Assessing his war on ISIS after the group overtook the key Iraqi city of Ramadi, President Barack Obama said in an interview this week his strategy against the terrorists isn’t failing.
“I don’t think we’re losing,” Obama said in the Tuesday interview with The Atlantic magazine, which posted online Thursday.
Calling the fall of Ramadi, the capital of Anbar province, a “tactical setback,” Obama pinned the blame on poorly trained and organized Iraqi Defense Forces.
“The training of Iraqi security forces, the fortifications, the command-and-control systems are not happening fast enough in Anbar, in the Sunni parts of the country,” he told interviewer Jeffrey Goldberg.
As ISIS takes ground in Sunni-dominated Anbar, the administration has worked to bolster Iraqi security forces, including backing multi-sectarian forces termed “Popular Mobilization Units” that include Shia fighters. Administration officials insist those forces must remain under the control of the central Iraqi government, a proposition that in the past has proven difficult.
Obama said in his interview it was a “source of concern” that Sunni fighters haven’t become more engaged in fighting ISIS.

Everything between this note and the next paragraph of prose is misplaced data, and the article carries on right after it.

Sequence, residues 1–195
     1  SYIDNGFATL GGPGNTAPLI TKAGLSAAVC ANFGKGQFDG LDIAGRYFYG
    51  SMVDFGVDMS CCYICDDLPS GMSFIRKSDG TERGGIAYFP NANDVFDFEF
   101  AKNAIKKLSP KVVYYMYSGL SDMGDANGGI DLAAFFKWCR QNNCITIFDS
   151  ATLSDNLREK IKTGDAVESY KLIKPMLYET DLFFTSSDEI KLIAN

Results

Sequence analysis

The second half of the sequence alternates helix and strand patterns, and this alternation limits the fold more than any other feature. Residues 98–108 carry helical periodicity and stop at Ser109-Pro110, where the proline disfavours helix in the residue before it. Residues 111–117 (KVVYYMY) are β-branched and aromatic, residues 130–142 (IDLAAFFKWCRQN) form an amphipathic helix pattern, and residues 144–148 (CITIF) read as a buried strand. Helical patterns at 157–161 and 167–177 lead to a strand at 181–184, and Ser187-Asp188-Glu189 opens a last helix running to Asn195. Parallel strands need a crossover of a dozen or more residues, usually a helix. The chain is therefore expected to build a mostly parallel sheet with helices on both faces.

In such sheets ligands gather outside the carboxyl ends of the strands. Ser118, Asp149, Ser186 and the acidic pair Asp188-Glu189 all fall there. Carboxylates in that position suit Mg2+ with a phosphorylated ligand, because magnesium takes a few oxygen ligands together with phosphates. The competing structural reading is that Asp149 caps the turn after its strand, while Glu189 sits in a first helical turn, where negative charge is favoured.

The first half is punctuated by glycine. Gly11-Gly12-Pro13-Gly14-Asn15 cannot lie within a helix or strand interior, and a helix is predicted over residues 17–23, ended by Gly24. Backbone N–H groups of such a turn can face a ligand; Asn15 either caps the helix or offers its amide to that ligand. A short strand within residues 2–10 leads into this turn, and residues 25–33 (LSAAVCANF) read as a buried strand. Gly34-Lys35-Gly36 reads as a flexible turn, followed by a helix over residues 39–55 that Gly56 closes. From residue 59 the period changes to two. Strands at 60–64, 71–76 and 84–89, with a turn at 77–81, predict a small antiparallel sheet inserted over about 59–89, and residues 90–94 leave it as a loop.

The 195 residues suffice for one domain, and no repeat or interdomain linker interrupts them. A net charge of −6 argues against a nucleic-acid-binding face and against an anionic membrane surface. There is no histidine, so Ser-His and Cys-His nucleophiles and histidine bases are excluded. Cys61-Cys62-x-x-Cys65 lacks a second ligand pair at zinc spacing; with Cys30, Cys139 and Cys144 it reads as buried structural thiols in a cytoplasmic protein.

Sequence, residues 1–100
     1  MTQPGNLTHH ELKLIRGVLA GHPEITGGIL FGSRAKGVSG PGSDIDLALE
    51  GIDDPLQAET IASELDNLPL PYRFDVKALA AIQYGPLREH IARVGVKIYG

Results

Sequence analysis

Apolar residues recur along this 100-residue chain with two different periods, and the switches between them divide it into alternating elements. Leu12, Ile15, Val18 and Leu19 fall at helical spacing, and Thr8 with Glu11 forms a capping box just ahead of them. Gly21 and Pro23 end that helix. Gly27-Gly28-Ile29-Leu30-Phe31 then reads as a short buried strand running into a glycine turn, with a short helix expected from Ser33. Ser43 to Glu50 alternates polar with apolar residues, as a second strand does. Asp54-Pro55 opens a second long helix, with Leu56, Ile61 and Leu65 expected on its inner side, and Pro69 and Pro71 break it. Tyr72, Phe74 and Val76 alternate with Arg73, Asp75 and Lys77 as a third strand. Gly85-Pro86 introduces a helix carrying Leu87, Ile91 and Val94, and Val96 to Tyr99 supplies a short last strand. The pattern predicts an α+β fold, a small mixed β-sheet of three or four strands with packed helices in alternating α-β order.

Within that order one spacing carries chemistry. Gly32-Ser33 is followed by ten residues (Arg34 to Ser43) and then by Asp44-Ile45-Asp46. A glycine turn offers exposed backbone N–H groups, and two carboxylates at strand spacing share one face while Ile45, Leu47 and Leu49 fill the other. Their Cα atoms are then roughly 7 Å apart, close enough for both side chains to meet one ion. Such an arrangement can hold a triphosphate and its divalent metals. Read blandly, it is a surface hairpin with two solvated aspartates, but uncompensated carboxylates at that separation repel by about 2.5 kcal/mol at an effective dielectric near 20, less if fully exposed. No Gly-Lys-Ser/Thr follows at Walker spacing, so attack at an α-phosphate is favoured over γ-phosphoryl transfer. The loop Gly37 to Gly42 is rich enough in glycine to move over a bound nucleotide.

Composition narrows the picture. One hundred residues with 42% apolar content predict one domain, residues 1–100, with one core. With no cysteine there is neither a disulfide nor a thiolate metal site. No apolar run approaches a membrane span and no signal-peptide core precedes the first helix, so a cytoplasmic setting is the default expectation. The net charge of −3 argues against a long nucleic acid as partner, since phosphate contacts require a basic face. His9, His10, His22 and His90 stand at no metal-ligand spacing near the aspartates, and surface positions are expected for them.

“We’re going to have to ramp up not just training, but also commitment, and we better get Sunni tribes more activated than they currently have been,” he said.
The White House has previously been wary of empowering Shia militias in Iraq because of their backing by Iran. Regional allies like Saudi Arabia and the United Arab Emirates are deeply concerned about what such a move – combined with Obama’s desire to strike a nuclear deal with Iran – would mean for Tehran’s sway in the region.
In the interview, Obama cast his push for a nuclear deal in personal terms, saying his own reputation was on the line.
“Look, 20 years from now, I’m still going to be around, God willing. If Iran has a nuclear weapon, it’s my name on this,” he said.